Sunday share tips: Cineworld, The Panoply
Film studios Warner Brothers's decision to debut its next blockbuster Wonder Woman 1984 in cinemas won't be enough to turn around the fortunes of Cineworld, The Sunday Times's Sabah Meddings said.
Indeed, even before the pandemic struck, which just last month forced the firm to close all its theatres in the UK and the US, analysts already believed the company's finances were shaky.
With core earnings of $758.6m for the six months ending in June 2019 and debts of $8bn at last count, the odds were thus already stacked against Cineworld, the tipster explained.
But with core earnings for the half year to last June down to $53m "it looks ludicrous", she said.
The company is now close to agreeing a rescue deal and is trying to negotiate rent reductions woth landlords, but in any case will likely pursue a company voluntary arrangement.
Yet while a deal would likely give its lenders security over the firm's assets, with a cash burn rate of $50m per month and just $260m of liquidity on hand, "time is running out", Meddings argued.
"Potential financial saviours will want favourable returns to compensate them for their risk. What suits them is unlikely to suit existing shareholders. Despite the glimmers of positive news, it’s too early to call a recovery. Avoid."
The Mail on Sunday's Midas column thinks readers should take buy stock in The Panoply, the technology outfit set up by serial tech entrepeneur Neal Gandhi.
Founded in 2016 alongside his finance director, Oliver Rigby, the firm helps government departments, local authorities and charities save money - thus allowing them to help more people.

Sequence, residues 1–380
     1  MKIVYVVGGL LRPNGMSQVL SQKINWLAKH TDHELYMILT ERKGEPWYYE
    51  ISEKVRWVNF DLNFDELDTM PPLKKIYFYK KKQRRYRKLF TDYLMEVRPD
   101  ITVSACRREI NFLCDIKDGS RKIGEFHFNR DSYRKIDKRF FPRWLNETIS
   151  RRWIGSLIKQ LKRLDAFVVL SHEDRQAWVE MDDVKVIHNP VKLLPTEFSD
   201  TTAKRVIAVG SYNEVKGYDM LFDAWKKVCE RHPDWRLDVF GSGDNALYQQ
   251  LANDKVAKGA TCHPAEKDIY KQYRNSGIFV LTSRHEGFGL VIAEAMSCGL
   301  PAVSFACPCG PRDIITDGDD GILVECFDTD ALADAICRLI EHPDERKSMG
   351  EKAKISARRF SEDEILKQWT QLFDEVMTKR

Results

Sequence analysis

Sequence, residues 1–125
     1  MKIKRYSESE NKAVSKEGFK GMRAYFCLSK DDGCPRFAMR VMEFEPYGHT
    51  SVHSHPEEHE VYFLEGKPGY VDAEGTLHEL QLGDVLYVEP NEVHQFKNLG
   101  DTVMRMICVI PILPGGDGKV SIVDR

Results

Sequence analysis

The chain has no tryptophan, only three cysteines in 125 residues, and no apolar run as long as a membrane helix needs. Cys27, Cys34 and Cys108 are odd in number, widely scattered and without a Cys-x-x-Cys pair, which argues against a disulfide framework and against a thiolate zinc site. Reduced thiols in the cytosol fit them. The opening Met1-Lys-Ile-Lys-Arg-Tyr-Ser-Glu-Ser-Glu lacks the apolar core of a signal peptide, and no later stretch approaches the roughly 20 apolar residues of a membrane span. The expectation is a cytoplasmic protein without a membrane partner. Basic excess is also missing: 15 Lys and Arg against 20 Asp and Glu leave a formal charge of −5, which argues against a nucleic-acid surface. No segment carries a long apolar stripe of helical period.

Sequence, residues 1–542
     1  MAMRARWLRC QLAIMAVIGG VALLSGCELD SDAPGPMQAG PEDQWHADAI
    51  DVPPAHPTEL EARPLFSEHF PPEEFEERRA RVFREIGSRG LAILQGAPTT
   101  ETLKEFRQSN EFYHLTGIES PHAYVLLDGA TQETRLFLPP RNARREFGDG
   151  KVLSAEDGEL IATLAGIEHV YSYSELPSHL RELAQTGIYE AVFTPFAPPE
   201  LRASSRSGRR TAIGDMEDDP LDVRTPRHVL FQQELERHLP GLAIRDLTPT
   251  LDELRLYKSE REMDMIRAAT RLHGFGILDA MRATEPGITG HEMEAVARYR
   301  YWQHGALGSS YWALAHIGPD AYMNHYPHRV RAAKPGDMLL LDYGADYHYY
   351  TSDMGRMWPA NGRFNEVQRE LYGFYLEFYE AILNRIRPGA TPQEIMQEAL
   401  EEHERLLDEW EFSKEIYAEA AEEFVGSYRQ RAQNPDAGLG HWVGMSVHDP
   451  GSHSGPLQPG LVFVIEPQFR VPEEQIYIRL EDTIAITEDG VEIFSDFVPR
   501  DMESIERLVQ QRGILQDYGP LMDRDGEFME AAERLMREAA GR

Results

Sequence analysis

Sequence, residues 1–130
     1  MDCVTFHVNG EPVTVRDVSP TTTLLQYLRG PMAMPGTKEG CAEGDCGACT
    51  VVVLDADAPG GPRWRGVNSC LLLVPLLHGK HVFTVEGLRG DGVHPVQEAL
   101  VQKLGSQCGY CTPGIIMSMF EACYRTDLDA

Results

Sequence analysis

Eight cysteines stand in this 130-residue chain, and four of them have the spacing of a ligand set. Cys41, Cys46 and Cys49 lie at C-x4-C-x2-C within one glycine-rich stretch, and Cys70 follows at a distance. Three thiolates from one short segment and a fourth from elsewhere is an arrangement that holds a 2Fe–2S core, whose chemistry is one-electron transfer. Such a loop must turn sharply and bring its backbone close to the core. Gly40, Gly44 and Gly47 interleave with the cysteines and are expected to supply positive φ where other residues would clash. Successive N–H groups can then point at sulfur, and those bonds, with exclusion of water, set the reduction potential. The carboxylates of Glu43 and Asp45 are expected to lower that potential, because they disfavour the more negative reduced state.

Its technology is unencumbered by expensive and old-fashioned systems, reasonably priced, easy to operate - and actually works.
The current pandemic is a case in point, in the spring, Panoply created a platform from scratch through which UK manufacturers were able to work together and make much needed ventilators for the NHS.
It took the firm two weeks to build the platform and allowed government to corral help from 5,000 companies.
Charities including Unicef and Diabetes UK meanwhile use Panoply to boost the efficiency of their fund-raising efforts.
Panoply's first half sales are expected to have jumped by 34% to £42.5m and Gandhi is confident they will climb past £100m over the next three years.
"Panoply is already winning plenty of business from the public sector. As the company grows and earns its spurs in central and local government, Gandhi is likely to sweep up even more business," Midas added.
"The Panoply is an unusual name for a company but Gandhi chose it because he wanted to build an impressive collection of businesses," Midas said.
"The strategy has proved successful so far but Gandhi is determined to do more. His track record is encouraging and he owns more than 14 per cent of the business so he is incentivised to make it work. At £1.18, the shares are a buy."